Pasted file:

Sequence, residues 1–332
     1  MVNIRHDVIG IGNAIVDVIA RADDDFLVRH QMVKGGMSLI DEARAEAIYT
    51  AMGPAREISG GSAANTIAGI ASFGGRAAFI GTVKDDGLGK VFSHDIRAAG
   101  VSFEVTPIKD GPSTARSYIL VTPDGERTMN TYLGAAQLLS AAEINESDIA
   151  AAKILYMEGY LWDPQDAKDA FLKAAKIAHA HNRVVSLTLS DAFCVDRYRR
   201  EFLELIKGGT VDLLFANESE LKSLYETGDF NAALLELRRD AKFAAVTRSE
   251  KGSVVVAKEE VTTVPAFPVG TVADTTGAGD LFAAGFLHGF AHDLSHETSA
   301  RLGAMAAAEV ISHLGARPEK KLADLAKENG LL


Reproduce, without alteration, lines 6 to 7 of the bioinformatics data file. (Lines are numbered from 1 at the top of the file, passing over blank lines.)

   201  EFLELIKGGT VDLLFANESE LKSLYETGDF NAALLELRRD AKFAAVTRSE
   251  KGSVVVAKEE VTTVPAFPVG TVADTTGAGD LFAAGFLHGF AHDLSHETSA